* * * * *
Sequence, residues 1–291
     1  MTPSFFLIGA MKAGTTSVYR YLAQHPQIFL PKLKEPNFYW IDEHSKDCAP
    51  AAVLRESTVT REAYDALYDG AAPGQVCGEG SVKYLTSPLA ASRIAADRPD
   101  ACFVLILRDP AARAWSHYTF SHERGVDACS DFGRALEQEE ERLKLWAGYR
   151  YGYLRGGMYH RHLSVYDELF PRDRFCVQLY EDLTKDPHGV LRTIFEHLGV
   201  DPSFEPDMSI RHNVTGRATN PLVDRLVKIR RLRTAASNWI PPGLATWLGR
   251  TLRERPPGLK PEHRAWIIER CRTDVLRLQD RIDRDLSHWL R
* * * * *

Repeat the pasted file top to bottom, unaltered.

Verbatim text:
Sequence, residues 1–291
     1  MTPSFFLIGA MKAGTTSVYR YLAQHPQIFL PKLKEPNFYW IDEHSKDCAP
    51  AAVLRESTVT REAYDALYDG AAPGQVCGEG SVKYLTSPLA ASRIAADRPD
   101  ACFVLILRDP AARAWSHYTF SHERGVDACS DFGRALEQEE ERLKLWAGYR
   151  YGYLRGGMYH RHLSVYDELF PRDRFCVQLY EDLTKDPHGV LRTIFEHLGV
   201  DPSFEPDMSI RHNVTGRATN PLVDRLVKIR RLRTAASNWI PPGLATWLGR
   251  TLRERPPGLK PEHRAWIIER CRTDVLRLQD RIDRDLSHWL R